Github runs the full test environment on several combinations of operating systems and Python versions. By default all combinations of the latest versions of the operating systems Windows, MacOS and Ubuntu, and Python versions 3.8, 3.9 and 3.10 are tested. Github also publishes teh coverage results and documentaion to your Github project page: and if enabled on Github (Settings -> Pages). See .github/workflows/action.yml for details.

The Dev environment

The .vscode directory forms your Dev environment. It contains configuration files that makes Visual Studio Code:

  • Install your package in development mode.
  • Constantly performs above-mentioned checks and balances for easy, consistent code development.
  • Allows you to quickly test parts of your code.
  • Allows you to quickly debug parts of your code.

It is recommended to create a virtual Python environment for each Python package you develop. Make sure that the paths in your .vscode/settings.json file point to the right interpreters. To enable automated tasks in Visual Studio Code choose Ctrl+Shift+P -> Tasks: Manage Automated Tasks in Folder -> Allow Automated Tasks in Folder.

Python package installation

Once your code is on Github, you can tag it with a semantic version. A semantic version had the form v1.0.0, where the first number indicates a major revision, the second a minor revision, and the third a patch. The use of increments is a but subjective, but a useful rule of thumb is:

  • major:

    Breaking changes, not compatible with previous versions. Users should update their code and environments that depend on your package.

  • minor:

    No breaking changes, but new features are added. Users should review the changes to see if they can optimize their usage.

  • patch:

    Small changes and bug fixes. Users should be able the update their code without review.

Once your code has a semantic version tagged to it, you can install it using pip (Linux/Docker syntax):

pip install halem

Or on Windows/Anaconda:

pip install halem

The Dockerfile (optional)

The Dockerfile and docker-compose.*.yml files allow you to run your code in a containerized environment. A container is like a virtual machine. It provides a workspace for you to work in, completely separate from your own laptop. The advantage of containers is that you, your colleagues and the test servers are all working in exactly the same environment. The disadvantage is that Docker requires a lot of resources from your laptop, and, if you don't know how to run Docker on bare WSL, you need a paid license.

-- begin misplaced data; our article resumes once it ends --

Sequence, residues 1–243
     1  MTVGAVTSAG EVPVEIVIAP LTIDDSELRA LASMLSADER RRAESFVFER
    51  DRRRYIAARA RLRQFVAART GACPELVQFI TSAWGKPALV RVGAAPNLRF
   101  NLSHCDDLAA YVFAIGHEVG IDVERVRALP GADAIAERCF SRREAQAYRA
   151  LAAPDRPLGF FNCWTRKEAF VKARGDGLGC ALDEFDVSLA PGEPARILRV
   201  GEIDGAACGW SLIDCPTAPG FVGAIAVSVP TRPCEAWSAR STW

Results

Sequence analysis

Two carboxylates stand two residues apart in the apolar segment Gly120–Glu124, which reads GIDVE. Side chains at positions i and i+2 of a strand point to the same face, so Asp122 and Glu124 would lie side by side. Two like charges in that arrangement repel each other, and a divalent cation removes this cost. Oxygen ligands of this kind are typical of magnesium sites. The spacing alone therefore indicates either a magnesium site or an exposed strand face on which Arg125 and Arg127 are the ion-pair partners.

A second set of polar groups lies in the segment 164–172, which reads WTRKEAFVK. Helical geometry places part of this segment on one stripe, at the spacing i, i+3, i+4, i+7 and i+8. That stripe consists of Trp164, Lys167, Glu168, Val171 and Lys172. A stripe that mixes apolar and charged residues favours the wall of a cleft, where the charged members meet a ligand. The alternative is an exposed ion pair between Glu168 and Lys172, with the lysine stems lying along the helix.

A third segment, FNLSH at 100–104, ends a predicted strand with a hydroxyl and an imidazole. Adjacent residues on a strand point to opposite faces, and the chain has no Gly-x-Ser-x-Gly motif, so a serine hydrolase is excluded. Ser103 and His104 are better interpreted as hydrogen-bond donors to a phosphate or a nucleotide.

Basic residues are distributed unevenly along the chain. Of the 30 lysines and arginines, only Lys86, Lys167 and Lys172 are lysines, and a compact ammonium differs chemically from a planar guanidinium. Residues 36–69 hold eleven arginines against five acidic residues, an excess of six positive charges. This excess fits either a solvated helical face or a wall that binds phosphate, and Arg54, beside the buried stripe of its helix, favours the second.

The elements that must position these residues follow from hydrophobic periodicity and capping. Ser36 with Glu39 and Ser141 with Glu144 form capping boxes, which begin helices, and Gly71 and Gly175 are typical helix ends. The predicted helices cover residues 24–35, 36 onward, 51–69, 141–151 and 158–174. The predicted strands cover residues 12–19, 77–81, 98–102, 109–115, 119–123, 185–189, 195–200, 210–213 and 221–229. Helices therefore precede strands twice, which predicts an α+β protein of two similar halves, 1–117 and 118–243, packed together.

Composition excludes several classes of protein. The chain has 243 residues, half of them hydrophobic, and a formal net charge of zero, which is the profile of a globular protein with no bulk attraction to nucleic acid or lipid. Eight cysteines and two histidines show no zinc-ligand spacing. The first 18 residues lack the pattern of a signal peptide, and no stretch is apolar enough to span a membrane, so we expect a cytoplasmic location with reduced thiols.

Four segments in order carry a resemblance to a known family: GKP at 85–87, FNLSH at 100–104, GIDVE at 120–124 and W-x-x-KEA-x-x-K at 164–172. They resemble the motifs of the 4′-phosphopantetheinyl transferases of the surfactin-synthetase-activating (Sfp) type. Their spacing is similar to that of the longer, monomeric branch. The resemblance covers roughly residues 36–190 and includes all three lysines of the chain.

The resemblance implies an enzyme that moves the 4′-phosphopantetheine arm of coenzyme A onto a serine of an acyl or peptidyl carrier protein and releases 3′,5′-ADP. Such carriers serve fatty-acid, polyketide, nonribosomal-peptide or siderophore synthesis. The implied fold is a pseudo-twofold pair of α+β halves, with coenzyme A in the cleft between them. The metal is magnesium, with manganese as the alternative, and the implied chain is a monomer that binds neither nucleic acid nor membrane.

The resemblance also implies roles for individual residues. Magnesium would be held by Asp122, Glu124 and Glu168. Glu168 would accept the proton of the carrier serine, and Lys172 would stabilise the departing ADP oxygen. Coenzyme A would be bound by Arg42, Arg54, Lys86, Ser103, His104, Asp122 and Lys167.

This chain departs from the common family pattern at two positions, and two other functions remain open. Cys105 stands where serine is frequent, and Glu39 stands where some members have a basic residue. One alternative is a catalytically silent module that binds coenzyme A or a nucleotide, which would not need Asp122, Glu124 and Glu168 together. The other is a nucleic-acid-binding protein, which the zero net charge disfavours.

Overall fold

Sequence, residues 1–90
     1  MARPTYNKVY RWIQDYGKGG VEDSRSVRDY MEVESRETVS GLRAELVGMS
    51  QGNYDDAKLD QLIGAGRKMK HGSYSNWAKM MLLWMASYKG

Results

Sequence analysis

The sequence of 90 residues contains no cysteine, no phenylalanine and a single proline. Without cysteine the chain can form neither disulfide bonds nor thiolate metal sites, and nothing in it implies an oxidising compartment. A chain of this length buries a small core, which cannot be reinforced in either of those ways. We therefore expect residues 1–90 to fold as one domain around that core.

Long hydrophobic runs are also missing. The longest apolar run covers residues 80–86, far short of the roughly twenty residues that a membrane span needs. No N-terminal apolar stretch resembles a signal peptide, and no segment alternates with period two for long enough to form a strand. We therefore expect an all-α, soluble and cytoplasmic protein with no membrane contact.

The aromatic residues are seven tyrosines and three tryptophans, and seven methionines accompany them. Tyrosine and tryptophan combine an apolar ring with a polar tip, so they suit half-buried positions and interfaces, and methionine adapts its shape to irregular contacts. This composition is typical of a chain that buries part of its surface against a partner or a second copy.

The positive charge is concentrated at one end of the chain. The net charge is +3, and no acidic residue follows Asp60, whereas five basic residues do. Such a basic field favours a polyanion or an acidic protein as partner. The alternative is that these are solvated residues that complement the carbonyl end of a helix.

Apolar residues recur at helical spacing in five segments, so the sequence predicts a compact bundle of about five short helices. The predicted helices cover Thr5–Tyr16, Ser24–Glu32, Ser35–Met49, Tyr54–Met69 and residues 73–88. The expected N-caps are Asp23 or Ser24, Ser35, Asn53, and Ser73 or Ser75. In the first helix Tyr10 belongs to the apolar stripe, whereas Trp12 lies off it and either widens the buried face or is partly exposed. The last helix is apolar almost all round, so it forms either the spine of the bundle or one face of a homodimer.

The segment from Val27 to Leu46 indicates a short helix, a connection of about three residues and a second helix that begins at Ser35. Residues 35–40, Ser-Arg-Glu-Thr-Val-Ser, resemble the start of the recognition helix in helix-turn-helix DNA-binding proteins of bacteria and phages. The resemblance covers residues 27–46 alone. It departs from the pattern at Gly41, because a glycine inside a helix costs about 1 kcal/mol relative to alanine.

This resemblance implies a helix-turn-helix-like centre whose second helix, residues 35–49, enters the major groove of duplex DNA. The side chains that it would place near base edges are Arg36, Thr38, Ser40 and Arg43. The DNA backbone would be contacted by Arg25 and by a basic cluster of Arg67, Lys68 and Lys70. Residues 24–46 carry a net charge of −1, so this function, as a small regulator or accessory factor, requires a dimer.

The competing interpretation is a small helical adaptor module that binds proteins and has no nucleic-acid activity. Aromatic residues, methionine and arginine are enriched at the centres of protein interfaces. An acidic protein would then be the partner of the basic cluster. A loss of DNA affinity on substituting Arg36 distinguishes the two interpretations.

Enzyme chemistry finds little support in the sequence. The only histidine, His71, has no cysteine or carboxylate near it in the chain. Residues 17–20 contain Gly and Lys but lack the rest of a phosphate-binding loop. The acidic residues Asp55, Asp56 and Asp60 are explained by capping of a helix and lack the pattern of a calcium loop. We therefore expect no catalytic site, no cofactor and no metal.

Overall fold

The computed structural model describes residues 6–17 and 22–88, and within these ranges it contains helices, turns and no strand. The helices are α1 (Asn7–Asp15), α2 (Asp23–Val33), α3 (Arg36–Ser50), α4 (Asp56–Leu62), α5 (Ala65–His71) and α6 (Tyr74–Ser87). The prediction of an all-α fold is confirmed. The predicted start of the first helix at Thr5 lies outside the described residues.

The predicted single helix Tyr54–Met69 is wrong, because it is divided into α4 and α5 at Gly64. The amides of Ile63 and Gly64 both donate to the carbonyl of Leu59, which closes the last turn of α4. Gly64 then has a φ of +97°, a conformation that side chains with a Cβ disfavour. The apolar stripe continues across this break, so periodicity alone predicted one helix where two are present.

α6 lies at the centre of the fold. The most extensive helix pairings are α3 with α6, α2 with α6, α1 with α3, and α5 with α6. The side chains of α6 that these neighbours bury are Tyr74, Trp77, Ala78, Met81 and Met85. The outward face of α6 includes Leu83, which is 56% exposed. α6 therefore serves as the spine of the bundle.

Using containers locally is not required. But if you are used to work with Docker it might be convenient.

The Dev container

The .devcontainer directory provides a Visual Studio Code Dev environment. It leverages your Docker container environment and your Test environment in a full fletched automated Dev environment that is:

  • Guaranteed to be identical as on the Github test servers, and your colleagues laptop.
  • Constantly performs above-mentioned checks and balances for easy, consistent code development.
  • Allows you to quickly test parts of your code.
  • Allows you to quickly debug parts of your code.

Project details

Download files

Download the file for your platform. If you're not sure which to choose, learn more about installing packages.

Source Distribution

halem-1.0.3.tar.gz (24.3 MB view hashes)

Uploaded Source

Supported by

AWS AWS Cloud computing and Security Sponsor Datadog Datadog Monitoring Fastly Fastly CDN Google Google Download Analytics Microsoft Microsoft PSF Sponsor Pingdom Pingdom Monitoring Sentry Sentry Error logging StatusPage StatusPage Status page